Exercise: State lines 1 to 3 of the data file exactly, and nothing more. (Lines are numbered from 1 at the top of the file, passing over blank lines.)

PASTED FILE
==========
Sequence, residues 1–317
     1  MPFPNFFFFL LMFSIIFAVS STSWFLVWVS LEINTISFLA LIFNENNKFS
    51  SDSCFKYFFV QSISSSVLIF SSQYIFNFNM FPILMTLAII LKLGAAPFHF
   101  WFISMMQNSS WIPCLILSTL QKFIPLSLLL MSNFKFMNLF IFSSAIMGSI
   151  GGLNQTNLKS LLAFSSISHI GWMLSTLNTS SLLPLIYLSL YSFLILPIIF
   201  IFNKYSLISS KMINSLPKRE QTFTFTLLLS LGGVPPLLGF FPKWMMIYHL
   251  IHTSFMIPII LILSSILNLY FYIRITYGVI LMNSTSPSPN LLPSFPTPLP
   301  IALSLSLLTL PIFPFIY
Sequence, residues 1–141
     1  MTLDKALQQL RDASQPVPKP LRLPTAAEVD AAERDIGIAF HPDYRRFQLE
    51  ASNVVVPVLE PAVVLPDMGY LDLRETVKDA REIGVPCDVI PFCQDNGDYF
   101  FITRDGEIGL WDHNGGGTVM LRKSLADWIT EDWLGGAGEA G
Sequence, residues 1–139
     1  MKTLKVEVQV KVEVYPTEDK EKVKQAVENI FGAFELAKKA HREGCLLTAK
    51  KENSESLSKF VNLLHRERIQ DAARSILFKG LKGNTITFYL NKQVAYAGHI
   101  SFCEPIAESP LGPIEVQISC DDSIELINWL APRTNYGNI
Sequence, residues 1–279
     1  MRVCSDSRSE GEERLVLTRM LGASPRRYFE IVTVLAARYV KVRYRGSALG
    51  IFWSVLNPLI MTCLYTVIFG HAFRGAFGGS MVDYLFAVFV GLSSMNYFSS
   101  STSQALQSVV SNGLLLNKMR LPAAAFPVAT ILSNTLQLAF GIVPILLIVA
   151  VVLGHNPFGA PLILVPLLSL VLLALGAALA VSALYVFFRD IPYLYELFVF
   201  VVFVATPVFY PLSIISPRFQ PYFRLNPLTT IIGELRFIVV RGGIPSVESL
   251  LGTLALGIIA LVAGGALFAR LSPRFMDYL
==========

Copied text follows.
Sequence, residues 1–317
     1  MPFPNFFFFL LMFSIIFAVS STSWFLVWVS LEINTISFLA LIFNENNKFS
    51  SDSCFKYFFV QSISSSVLIF SSQYIFNFNM FPILMTLAII LKLGAAPFHF